- About Us
- Act Now
- Take Action
- Corporate Volunteer Opportunities
- Cigarette Butt Free Bay
- The Bay vs. The Bag
- Learn and Explore
- Restoration Education Programs
- Teacher Resources
- Explore the Virtual Marsh
- Play Battle for the Bay
- Wetland Restoration
- Stopping Bay Fill
- Pollution Prevention
- About The Bay
Why are plastic bags bad for the Bay?
Plastic bags pollute our waters, smother wetlands and entangle and kill animals. In fact, approximately one million plastic bags pollute San Francisco Bay each year. Bay trash flows into the ocean to join the Great Pacific Garbage Patch, an area estimated at twice the size of Texas where plastic particles are more abundant than plankton.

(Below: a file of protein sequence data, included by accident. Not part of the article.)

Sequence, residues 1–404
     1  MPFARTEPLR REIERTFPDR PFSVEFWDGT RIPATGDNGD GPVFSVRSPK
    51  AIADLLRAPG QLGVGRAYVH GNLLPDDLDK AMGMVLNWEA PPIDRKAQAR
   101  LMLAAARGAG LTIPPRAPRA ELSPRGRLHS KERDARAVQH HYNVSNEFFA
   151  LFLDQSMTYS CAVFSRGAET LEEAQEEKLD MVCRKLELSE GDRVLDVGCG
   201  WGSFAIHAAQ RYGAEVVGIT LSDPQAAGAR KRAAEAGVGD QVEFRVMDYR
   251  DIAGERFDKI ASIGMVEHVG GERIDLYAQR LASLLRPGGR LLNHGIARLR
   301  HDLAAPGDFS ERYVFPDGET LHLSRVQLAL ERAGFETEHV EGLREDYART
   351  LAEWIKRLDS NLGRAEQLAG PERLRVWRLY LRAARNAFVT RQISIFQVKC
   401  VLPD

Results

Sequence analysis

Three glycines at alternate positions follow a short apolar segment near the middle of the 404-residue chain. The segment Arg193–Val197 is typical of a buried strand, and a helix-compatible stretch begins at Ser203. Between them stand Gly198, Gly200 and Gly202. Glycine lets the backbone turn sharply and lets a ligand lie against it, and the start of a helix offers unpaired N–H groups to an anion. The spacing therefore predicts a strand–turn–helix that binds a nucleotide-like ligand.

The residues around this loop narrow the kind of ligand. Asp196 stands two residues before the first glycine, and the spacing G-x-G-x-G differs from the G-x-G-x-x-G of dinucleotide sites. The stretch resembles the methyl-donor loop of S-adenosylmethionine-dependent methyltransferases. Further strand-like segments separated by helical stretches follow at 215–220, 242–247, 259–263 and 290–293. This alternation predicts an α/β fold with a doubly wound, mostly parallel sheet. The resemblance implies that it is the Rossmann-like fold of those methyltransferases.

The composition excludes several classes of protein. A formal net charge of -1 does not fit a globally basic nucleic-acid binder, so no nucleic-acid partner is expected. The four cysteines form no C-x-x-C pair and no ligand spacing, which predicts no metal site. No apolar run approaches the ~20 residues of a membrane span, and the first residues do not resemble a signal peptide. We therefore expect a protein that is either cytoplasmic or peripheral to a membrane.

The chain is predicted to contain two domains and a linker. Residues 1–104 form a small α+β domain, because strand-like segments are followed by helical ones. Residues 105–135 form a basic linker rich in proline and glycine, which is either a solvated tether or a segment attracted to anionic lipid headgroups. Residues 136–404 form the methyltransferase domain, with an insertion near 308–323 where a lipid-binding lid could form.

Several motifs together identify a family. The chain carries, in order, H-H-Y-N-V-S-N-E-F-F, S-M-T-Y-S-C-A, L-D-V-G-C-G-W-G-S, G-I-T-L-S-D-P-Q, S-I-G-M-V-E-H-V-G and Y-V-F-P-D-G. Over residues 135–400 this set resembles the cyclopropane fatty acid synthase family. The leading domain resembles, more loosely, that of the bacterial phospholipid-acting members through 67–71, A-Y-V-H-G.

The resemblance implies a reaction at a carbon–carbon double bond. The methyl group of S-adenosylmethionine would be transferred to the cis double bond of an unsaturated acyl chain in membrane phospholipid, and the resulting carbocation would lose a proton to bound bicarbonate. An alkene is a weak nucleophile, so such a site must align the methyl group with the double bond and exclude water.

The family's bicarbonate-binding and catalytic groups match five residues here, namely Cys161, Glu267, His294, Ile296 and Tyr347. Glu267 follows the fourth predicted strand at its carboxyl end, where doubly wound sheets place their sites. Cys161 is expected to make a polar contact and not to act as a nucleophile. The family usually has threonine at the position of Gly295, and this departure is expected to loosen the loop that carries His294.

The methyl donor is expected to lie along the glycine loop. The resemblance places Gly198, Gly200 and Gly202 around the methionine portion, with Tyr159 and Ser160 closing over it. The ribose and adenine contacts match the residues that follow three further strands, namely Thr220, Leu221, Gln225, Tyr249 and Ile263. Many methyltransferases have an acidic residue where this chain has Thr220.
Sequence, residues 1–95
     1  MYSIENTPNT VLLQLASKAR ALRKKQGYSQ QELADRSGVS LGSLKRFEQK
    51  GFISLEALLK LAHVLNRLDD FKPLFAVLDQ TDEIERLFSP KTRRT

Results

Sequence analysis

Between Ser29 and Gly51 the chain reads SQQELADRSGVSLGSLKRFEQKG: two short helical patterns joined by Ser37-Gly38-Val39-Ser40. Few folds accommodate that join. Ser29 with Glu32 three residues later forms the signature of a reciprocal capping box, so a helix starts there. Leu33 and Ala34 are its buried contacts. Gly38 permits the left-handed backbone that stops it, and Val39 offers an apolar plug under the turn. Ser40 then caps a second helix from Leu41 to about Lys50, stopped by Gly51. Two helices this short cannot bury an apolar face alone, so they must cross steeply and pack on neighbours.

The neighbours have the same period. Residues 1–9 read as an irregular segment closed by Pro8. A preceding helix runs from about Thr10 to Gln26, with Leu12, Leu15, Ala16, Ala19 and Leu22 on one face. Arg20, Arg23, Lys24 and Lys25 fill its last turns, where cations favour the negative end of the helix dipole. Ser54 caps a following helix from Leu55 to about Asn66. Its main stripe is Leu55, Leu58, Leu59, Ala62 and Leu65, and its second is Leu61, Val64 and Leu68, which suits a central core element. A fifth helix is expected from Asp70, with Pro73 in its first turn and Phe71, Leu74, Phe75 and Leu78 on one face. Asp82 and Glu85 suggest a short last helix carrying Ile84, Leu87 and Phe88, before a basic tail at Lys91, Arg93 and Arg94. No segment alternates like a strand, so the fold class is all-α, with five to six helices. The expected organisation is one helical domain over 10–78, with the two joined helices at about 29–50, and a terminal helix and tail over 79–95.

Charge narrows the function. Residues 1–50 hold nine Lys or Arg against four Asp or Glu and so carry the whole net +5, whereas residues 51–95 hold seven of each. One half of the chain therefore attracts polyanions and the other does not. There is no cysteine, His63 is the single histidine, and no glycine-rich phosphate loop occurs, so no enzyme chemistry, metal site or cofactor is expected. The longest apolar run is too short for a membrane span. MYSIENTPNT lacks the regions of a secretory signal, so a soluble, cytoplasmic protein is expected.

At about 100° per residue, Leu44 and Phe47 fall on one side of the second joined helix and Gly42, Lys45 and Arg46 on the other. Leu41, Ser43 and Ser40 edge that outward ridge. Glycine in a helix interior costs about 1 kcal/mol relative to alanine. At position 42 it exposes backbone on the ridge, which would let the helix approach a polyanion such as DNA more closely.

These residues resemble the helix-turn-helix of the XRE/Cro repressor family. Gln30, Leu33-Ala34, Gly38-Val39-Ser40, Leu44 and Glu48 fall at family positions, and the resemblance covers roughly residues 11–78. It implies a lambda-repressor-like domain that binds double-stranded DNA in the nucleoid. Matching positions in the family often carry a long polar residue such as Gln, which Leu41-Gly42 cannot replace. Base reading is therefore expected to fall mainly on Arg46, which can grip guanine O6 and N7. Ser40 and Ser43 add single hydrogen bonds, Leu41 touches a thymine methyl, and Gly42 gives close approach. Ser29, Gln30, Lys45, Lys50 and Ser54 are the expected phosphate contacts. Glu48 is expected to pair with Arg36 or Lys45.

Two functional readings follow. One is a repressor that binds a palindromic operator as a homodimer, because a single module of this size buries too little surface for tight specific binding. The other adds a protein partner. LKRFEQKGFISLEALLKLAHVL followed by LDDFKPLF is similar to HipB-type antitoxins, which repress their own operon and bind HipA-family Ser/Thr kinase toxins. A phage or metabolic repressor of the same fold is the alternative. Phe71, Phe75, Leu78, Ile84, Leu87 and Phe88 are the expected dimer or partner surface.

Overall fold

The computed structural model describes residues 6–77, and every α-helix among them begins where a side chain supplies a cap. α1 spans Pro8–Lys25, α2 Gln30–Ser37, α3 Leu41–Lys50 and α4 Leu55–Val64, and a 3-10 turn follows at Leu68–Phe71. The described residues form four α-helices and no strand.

Did you know?
- Save The Bay estimates that over one million plastic bags enter the Bay each year.
- Bay Area residents use 3.8 billion plastic bags every year.
- Average use time of a plastic bag is 12 minutes.
- Despite a 15-year effort to recycle plastic bags, less than five percent of all single-use plastic bags in California are actually recycled.
- Californians use approximately 19 billion plastic bags annually.
- 1.37 million plastic bags were removed from coastal areas worldwide on just one day.
- A study found an average of three pieces of trash along every foot of streams leading to San Francisco Bay – half of which is plastic.
- Up to 90 percent of floating debris is plastic, which never biodegrades.
- Plastic trash has entangled, suffocated, or poisoned at least 267 known animal species worldwide.